The CFI has rejected an application to register as a Community Trade Mark the slogan DREAM IT! DO IT!, finding that it lacks distinctive character. But what about Nike’s JUST DO IT? Emily Devlin reports.
Who: The EU Court of First Instance (CFI)
When: 2 July 2008
Law stated as at: 2 July 2008
The CFI has rejected an appeal brought by Ashoka, who applied to register as a Community Trade Mark the slogan DREAM IT, DO IT! ("Didi"). The EU trade mark judges said Didi lacked distinctive character contrary to Article 7(1)(b) of the Community Trade Mark Regulation (40/94/EEC – "CTMR").
In May 2004 Ashoka applied to register Didi in Classes 35, 36, 41 and 45 for a variety of services that encompassed the "exchange of socially progressive ideas regarding public entrepreneurship and pattern-changing ideas in a variety of fields including social, economic and environmental disciplines".
The application was refused in March 2006 and Ashoka appealed that refusal. In March 2007 the First Board of Appeal dismissed that appeal and confirmed the Examiner's decision in its ruling. The Board of Appeal reiterated the standard approach to slogan marks, particularly those that are phrased as an incitement to consumers, but which fail to perform the essential function of a trade mark. Slogan marks, by and large, are incapable of distinguishing the goods and services of one commercial source from another.
"Surely "Dream it Do It!"'s distinctive" say Ashoka
In its appeal to the CFI, Ashoka argued that Didi did possess a minimum degree of distinctive character and that it was wrong to assume that all slogan marks will prima facie contravene Article 7(1)(b) of the CTMR. Indeed, it pointed to the registration of a variety of slogan marks as CTMs, including:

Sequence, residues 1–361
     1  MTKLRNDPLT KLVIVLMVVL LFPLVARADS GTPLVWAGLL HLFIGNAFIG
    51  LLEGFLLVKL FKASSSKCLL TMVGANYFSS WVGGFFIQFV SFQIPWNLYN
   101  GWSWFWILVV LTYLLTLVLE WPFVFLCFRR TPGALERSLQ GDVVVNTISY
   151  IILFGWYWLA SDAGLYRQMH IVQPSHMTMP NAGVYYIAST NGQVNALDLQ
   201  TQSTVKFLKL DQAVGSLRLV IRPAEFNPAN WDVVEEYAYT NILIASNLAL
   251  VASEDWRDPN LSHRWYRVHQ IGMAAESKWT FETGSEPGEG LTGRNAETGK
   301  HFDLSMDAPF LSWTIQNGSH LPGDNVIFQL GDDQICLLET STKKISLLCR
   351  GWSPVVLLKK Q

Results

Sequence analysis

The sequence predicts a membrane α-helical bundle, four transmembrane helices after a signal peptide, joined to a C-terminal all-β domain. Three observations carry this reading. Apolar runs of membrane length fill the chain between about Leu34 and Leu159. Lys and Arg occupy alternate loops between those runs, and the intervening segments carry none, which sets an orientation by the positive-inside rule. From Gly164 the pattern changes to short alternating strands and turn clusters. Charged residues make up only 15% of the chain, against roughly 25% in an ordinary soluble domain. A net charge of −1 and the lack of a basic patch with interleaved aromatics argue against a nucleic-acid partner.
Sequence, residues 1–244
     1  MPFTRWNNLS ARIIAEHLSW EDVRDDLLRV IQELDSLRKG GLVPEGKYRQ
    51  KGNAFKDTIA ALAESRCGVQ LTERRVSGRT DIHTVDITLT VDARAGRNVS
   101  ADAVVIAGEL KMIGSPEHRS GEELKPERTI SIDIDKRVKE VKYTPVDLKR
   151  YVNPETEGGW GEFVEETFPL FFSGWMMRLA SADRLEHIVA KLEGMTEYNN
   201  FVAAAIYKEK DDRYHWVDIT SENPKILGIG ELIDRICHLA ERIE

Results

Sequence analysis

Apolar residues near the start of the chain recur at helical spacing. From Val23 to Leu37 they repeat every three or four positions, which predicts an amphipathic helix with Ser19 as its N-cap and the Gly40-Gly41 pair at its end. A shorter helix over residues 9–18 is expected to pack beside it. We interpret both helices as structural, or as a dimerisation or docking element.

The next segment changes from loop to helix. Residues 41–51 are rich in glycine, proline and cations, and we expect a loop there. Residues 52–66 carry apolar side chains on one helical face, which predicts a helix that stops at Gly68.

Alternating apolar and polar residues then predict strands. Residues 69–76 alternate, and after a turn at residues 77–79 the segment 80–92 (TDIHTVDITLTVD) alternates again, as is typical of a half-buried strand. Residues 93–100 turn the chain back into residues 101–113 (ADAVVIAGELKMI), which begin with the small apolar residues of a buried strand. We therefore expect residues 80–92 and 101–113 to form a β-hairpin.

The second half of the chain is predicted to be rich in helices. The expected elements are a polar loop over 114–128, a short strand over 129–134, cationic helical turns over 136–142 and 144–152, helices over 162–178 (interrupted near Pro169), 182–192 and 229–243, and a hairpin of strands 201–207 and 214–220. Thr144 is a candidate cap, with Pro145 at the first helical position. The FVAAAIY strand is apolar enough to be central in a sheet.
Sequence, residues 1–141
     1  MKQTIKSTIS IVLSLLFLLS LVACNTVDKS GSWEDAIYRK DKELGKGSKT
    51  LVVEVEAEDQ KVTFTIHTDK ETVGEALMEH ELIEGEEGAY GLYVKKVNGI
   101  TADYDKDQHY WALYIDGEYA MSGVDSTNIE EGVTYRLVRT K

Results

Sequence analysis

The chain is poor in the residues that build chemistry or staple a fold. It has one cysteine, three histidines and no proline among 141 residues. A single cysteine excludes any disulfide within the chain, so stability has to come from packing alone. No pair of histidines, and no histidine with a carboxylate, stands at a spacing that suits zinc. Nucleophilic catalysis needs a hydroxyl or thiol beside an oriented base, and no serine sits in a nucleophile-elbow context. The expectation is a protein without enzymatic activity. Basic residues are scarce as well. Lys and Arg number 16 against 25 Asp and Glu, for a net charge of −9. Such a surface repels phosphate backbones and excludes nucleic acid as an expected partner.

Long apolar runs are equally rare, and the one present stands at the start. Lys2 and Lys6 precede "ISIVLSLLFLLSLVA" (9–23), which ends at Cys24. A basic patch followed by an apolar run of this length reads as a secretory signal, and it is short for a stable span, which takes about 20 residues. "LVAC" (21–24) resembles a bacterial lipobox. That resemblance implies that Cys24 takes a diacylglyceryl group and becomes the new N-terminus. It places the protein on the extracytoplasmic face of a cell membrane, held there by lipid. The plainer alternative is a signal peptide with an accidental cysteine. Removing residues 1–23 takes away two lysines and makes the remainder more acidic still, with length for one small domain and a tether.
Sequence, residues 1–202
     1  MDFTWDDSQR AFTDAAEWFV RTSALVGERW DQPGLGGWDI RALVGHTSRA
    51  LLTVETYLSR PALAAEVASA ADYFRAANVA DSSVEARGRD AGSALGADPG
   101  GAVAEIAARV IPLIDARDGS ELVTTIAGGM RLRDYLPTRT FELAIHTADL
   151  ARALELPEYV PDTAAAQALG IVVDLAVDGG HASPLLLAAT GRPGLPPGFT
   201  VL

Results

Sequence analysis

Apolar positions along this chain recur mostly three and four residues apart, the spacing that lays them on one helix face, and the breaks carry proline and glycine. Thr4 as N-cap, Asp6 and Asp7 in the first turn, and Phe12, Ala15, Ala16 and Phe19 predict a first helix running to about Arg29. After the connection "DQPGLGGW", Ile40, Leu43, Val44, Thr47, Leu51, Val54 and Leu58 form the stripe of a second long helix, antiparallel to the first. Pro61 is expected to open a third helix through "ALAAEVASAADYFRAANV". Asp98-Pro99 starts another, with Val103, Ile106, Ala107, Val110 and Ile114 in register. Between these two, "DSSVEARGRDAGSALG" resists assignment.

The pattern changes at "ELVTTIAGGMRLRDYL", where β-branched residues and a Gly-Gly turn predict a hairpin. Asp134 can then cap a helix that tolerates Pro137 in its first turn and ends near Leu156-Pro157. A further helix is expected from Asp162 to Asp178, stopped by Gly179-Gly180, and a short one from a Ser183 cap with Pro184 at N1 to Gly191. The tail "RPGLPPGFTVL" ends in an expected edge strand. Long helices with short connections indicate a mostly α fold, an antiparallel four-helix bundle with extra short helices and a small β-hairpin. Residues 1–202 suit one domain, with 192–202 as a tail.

- BEAUTY ISN'T ABOUT LOOKING YOUNG BUT LOOKING GOOD
- CREATING YOUR FUTURE
- WE GET IT DONE
- YOU HAVE TO WEAR IT TO BELIEVE IT
Further, Ashoka argued, Didi was not customary in the current language or the bona fide established practices of the trade in relation to the services applied for. Didi did not describe the services applied for, Ashoka said, nor did it convey a laudatory promotional message; it merely "provoked consumers' imaginations." Its "vagueness" and short phrasing made it easy to memorise and provided it with the minimum level of distinctive character required for registration.
"Dream it. Do it!" capable of indicating commercial origin of a product?
The CFI disagreed. It found that the registration of advertising slogans that include indications of quality or incitements to purchase the goods or services, whilst not expressly excluded from registration, may fulfil a function other than that of a trade mark. However, in order to be capable of functioning as a trade mark, the mark in question must be perceived immediately as an indication of commercial origin. The assessment is made first by reference to the goods or services covered by the application and, secondly, by reference to the perception of the relevant public.